Some people eschew the disruption to the soil involved in digging deeply and prefer to sheet mulch. They lay large sheets of cardboard flat over the bed space, overlapping all edges, and leaving no holes. Layers of biomass are then added atop the cardboard. Finally a layer of compost is added, followed by a layer of mulch. This method has the added advantage of preserving the life in the soil - the insects, worms, spiders, bacteria, and the fungi that give the soil structure and fertility. It has the added disadvantage of being labor intensive. Which is why some folks make a permablitz party of it, inviting their friends and neighbors to help.
Needless to say, there are endless variations on how to get your soil in shape for planting. But both methods mentioned above involve the application of compost. Compost is partially decomposed organic matter. It is nature's way of refashioning leaves and other plant debris that have fallen to the ground, into rich soil. When humans compost, we add vegetable scraps, grass clippings, wood chips, coffee grounds, leftovers-gone-bad, and all manner of human-altered organic matter. Adding compost to the soil each planting season adds fertility, promotes soil microbes that aid plant growth, helps the soil retain moisture, extends the growing season, and neutralizes extreme soil PH. No wonder some call compost "Black Gold".
When you are starting a farm or garden and don't have any compost at the ready, you'll need to go to the compost store. If you are planting a large area, you'll need to go to a large compost store. Some municipalities divert portions of their community's waste stream to create compost and provide it to the public for free. Massachusetts, Connecticut and Vermont, as well as Seattle, San Francisco and Portland, have all banned large institutions from sending their food waste to a landfill. A few years ago, I visited San Francisco and discovered curbside collection of food scraps. I felt so virtuous, when I put my food waste in the compostables bin. And who turns this raw material into Black Gold? That's where the Compost Company and others like it come in.
|Photo by Brandon Maxwell|
I spoke with Ed Wansing at the Compost Company, in Ashland City, Tennessee. He launched into a description of the various blends he produces. His premium screened blend includes wood chips, leaves, tobacco-growing waste, and cafeteria waste. The compost mulch has the same ingredients as the premium screened blend, but twice as many wood chips. Ed adds QuikSoil, an organic decomposition accelerator, to hasten the process. Even so, on average, it takes about a year for Ed to produce his compost. Last year, Ed finished fourteen long rows of compost. So far he has sold ten of them and hopes to sell the rest by the time this year's new rows are ready to sell. I asked Ed if he is making a profit in this 2 1/2 year old enterprise. He is not quite there yet, because he is still in the process of reinvesting all profits back into the business.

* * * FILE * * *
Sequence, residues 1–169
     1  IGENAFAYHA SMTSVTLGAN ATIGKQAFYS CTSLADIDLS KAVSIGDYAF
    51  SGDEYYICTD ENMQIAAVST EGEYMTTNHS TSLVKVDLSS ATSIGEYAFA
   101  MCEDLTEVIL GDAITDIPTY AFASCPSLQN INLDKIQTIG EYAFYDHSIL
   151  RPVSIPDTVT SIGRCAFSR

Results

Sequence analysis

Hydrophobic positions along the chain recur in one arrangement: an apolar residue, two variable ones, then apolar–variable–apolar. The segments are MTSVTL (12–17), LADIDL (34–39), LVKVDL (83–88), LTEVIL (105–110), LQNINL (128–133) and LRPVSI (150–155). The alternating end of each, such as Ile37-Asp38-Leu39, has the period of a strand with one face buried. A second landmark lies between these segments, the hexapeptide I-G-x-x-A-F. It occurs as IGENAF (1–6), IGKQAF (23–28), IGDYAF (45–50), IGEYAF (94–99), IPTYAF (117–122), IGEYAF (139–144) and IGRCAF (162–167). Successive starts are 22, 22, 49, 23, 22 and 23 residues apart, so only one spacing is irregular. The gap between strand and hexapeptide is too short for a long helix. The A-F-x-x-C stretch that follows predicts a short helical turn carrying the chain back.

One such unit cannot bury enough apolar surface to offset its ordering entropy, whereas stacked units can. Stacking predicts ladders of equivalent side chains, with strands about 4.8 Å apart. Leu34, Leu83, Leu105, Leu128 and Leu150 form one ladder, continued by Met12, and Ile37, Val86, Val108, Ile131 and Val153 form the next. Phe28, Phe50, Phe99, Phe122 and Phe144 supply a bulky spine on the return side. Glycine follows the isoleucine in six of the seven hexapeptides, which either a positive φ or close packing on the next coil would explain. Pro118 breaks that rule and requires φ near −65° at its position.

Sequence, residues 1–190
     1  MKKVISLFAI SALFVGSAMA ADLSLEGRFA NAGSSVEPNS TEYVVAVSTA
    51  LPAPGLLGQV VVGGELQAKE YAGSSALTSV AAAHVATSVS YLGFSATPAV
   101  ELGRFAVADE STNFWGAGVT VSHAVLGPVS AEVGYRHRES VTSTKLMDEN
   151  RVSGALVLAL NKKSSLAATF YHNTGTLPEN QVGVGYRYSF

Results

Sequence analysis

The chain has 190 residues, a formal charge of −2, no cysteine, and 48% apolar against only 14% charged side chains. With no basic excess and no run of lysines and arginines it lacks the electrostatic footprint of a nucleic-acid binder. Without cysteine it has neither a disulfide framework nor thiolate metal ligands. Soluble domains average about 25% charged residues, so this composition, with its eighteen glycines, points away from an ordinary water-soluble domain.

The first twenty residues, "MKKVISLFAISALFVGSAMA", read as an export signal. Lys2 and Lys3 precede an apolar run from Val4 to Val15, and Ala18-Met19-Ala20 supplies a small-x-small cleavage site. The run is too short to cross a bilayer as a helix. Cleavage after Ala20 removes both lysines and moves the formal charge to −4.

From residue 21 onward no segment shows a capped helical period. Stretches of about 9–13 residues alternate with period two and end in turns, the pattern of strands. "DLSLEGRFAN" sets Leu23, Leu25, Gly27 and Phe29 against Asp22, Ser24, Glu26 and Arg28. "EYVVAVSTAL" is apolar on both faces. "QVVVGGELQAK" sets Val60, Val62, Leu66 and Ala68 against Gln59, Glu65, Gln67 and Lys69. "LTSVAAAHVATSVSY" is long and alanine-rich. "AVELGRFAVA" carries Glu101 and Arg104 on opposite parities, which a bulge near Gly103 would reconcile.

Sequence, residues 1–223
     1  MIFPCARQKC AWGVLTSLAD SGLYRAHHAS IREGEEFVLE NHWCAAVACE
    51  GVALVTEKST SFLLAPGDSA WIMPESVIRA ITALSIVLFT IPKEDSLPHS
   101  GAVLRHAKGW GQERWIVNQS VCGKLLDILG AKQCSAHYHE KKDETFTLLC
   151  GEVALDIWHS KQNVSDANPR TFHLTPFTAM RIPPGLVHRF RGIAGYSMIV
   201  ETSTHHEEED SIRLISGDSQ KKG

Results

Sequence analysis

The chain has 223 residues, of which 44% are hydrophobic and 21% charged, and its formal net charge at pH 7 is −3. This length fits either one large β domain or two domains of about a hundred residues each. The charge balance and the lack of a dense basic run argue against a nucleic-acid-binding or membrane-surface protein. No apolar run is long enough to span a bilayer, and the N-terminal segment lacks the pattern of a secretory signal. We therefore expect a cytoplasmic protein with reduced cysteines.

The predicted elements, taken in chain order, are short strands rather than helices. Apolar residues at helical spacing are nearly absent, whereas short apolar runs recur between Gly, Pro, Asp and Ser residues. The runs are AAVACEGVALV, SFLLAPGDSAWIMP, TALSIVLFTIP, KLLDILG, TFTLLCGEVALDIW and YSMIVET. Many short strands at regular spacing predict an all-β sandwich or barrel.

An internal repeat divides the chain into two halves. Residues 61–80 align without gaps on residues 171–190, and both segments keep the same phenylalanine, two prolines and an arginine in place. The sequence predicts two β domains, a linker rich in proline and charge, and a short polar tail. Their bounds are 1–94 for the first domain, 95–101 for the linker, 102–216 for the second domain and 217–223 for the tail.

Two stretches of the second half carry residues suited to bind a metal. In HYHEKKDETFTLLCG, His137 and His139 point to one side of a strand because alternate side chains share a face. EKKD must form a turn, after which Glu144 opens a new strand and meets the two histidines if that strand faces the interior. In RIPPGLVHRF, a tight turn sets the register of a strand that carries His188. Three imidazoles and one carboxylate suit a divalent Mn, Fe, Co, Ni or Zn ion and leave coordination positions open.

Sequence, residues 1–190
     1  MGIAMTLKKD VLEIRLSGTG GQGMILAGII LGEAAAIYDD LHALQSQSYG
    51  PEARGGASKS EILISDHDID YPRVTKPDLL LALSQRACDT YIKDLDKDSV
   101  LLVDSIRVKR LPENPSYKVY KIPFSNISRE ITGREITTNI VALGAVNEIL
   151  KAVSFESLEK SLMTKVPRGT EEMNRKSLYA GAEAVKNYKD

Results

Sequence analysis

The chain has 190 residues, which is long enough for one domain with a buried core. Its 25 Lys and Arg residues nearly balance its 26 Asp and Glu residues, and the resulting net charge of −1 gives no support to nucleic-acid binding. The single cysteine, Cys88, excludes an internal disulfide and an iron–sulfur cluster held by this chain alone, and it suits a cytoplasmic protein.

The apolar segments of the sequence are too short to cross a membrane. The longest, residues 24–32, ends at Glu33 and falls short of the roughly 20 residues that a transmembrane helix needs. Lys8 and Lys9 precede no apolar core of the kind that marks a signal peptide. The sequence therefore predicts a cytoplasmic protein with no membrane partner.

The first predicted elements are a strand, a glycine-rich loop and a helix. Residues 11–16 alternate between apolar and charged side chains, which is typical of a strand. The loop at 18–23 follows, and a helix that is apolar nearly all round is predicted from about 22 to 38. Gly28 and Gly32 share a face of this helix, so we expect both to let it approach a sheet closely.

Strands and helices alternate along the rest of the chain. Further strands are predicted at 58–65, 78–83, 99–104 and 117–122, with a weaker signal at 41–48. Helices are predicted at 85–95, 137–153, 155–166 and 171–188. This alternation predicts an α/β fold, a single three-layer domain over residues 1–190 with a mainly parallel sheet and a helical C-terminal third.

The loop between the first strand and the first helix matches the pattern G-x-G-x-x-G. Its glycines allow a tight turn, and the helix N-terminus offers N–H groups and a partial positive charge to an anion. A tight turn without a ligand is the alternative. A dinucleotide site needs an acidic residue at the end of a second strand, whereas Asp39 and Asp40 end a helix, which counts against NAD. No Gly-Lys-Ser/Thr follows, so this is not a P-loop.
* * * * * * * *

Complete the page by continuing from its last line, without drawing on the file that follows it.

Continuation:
In some respects I am a lazy gardener. And I am, most assuredly, lazy about composting. I scatter my household kitchen scraps around the base of fruit trees, cover with wood chips and leaves, and let nature take its course. But, if I wanted to sell compost, then it would need to look as lovely as Ed's mature compost. His is friable, comes in deep earthy colors, smells lovely, and I could see the fungal growth taking hold when I looked closely.
As we talked more, Ed delved more deeply into the positive environmental impacts of producing compost - not just using it. Ed holds a Master of Science in Sustainability and has been involved with the U.S. Green Building Council for over 10 years, so he likes to talk about this. The compost that Ed is creating is applied to soil, diverting CO2 from the atmosphere and converting it into organic carbon in the soil. When I asked him about the impact of the fuel he burns, when he uses his equipment, Ed talked about the implications of diverting organic matter from the waste stream. If the organic matter is landfilled, it decomposes anaerobically, which sends methane into the environment. Such methane releases contribute to climate chaos. Any value in the organic waste is lost as well. By making compost, Ed is capturing the valuable nutrients and preventing the release of methane. By Ed's estimation, the methane produced in a landfill produces far exceeds the greenhouse gases that he is emitting using his equipment.
There is more to making a good compost blend than meets the eye. Ed says there has not been enough demand for certified organic compost, so he hasn't sought certification. But the Compost Company is preparing to participate in the US Composting Council (USCC) Seal of Testing Assurance Program. That is because, customers want to know exactly what they are purchasing regarding such measurables as PH, organic matter content, moisture content, and nutrient content. And there is more to the USCC than meets the eye. They came into being in 1990 with the mission of performing compost related research, establishing standards, educating professionals and the public about the benefits of composting, developing training materials for composters, and more.
There is something Ed wouldn't talk about, and that is the ingredients in his "Secret Blend". He says that if he told me, I might end up so much compost in one of his piles. Okay, that was just a take-off on an old joke. But, in truth, all of the compost produced by the Compost Company is a win-win-win. That's a win from waste diversion, a win from taking advantage of the inherent value of the waste, and a win from improving the health of the soil.
- Find a compost producer in your state, here
- Regenerative Organic Agriculture and Climate Change, Rodale Institute